Born on September 10, 1934 in Chisholm, Minn. - the son of an Iron Range miner - Oberstar was proud of his Iron Range heritage. His father Louie was the first card-carrying Minnesotan of the United Steelworkers. He earned political science and French degrees at the University of St. Thomas, and he studied in Belgium, Quebec and Washington, D.C. before joining the staff of U.S. Rep. John Blatnik. He worked as administrator of the Committee on Public Works for three years until he was elected to Congress in 1974, succeeding Blatnik. Over his tenure, Oberstar had a generally liberal voting record but also championed causes close to his district, especially mining and labor. In the 1980s, Oberstar attached an amendment to a transportation funding bill mandating projects use only American-mined steel, a requirement Richard said endeared Oberstar to the mining industry he represented. Bill Richard - Oberstar’s long-time friend and chief of staff - said that the latter "...was the complete package in terms of being a congressman...He put people first, the district first, and never tired of working for them.”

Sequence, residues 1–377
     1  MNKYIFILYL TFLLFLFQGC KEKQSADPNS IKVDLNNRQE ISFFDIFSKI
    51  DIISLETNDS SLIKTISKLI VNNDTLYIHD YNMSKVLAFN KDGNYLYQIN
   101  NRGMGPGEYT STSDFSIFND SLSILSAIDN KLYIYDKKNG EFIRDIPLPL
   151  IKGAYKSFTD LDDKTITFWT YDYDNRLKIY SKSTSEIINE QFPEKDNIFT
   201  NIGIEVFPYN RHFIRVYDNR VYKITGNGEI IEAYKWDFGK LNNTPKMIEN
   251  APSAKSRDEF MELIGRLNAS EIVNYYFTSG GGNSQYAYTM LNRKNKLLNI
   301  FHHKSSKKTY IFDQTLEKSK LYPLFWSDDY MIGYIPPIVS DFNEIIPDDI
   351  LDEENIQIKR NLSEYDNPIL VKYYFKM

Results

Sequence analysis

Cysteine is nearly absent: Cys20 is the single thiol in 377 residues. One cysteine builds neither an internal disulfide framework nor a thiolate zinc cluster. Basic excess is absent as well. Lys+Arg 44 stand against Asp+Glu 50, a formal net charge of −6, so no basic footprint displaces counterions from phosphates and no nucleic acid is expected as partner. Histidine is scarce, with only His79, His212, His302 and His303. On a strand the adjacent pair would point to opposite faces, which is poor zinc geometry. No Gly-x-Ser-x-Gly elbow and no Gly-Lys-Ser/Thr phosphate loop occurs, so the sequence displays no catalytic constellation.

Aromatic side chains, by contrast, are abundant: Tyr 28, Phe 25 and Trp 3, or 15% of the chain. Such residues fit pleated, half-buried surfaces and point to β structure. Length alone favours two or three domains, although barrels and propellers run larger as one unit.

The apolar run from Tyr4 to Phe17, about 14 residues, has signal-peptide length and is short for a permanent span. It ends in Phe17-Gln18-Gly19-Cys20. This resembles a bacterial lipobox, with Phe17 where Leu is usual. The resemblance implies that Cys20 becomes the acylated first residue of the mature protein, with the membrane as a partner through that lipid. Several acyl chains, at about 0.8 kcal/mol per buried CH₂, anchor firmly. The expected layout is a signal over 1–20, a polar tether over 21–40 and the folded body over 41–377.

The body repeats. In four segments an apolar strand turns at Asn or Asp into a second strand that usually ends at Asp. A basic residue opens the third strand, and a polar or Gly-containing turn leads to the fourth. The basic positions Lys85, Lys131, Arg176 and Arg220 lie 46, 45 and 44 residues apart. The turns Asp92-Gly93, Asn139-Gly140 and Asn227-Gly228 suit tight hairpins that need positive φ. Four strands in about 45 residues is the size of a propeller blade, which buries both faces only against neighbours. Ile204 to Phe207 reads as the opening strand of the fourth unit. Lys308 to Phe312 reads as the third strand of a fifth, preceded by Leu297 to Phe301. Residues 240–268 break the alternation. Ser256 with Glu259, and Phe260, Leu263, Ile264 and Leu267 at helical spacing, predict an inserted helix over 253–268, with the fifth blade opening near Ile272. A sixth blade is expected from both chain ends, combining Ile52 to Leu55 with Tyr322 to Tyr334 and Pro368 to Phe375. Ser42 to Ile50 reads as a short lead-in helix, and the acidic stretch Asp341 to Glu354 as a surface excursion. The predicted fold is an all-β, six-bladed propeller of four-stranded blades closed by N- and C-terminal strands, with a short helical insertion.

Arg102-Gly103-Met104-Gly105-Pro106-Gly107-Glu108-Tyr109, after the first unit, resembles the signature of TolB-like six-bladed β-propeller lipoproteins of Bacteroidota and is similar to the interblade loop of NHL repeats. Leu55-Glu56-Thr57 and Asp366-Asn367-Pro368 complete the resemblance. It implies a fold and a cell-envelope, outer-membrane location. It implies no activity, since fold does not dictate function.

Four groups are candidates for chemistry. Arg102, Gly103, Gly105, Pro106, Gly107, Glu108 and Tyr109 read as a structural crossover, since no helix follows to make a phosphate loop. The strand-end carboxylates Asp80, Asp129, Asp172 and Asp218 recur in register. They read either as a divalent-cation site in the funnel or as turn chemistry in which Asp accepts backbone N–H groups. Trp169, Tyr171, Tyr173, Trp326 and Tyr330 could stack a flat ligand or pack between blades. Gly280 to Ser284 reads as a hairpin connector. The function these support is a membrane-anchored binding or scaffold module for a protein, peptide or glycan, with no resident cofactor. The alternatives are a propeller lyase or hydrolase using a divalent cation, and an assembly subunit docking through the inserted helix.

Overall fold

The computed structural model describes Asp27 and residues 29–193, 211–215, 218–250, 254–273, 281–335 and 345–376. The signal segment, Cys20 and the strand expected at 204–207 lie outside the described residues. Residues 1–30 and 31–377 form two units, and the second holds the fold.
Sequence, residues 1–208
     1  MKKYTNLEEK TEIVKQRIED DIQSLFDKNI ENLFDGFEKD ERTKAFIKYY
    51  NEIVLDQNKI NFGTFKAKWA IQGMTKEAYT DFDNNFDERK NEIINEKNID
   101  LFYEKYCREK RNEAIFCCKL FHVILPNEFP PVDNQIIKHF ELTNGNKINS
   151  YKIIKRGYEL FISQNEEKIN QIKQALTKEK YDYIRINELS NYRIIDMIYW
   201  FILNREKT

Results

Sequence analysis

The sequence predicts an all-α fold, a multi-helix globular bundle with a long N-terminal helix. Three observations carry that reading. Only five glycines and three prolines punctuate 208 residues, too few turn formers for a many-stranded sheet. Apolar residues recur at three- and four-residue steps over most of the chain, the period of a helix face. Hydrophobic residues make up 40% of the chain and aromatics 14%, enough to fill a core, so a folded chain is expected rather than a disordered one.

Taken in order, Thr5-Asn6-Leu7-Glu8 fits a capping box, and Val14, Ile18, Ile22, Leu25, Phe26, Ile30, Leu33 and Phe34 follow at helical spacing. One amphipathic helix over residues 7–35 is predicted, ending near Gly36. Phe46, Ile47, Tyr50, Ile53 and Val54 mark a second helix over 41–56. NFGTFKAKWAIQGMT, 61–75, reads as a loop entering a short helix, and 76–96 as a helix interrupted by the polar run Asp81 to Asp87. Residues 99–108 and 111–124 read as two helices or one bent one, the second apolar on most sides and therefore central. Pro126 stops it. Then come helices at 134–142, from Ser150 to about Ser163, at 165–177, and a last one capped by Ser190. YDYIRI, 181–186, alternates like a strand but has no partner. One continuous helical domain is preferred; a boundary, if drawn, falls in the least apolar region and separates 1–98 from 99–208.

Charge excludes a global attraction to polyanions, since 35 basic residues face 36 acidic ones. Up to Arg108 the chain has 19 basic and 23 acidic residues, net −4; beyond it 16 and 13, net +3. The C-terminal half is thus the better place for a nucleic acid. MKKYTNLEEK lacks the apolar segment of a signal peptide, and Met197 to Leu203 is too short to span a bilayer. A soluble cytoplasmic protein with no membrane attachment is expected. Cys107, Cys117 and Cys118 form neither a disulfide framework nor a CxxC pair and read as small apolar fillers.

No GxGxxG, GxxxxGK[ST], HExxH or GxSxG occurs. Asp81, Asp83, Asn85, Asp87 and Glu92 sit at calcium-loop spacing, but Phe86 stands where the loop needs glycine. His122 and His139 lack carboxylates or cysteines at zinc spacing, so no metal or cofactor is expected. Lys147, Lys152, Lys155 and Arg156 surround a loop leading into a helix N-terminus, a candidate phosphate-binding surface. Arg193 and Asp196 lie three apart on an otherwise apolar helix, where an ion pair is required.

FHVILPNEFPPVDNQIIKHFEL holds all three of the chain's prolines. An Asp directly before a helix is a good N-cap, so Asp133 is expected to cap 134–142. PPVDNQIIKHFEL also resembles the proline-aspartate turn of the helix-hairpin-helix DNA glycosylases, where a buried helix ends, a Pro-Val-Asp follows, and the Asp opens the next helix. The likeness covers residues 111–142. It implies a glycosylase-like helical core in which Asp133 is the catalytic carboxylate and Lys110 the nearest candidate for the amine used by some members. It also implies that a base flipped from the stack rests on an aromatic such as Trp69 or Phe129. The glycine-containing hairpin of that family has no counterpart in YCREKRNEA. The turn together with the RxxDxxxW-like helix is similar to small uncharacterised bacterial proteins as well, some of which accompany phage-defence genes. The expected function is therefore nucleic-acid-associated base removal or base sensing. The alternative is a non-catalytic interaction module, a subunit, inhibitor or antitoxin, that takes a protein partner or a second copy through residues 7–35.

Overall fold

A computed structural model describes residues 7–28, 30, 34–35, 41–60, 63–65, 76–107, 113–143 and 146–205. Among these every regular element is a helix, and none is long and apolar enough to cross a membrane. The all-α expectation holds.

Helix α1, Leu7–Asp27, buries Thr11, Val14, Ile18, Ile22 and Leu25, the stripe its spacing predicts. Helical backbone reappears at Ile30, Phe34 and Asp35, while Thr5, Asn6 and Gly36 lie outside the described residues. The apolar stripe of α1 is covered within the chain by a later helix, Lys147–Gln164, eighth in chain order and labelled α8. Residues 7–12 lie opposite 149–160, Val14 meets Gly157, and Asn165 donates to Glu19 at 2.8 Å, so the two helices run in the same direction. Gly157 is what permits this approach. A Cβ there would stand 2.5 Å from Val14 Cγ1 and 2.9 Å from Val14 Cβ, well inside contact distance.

Aaron Brown, an Iron Range writer and former DFL operative, credited Oberstar’s work on transportation projects with building the range up over his tenure. He was a “steadfast voice” on labor issues during his time in office, Brown said, and that secured support from the range’s union workers. But Oberstar contributed more than just infrastructure improvements and new public works projects, Brown added. He was also able to hold together a political coalition of social conservatives and economic liberals who were focused on improving the range first and foremost. “He was obviously a Democrat and carried a lot of water on Democratic issues for the region, but I think what he really did was connect many different generations and many different groups that lived here, and despite the dramatic partisan changes between the two parties, he kept a coalition together that made a lot of sense for the Iron Range,” Brown said.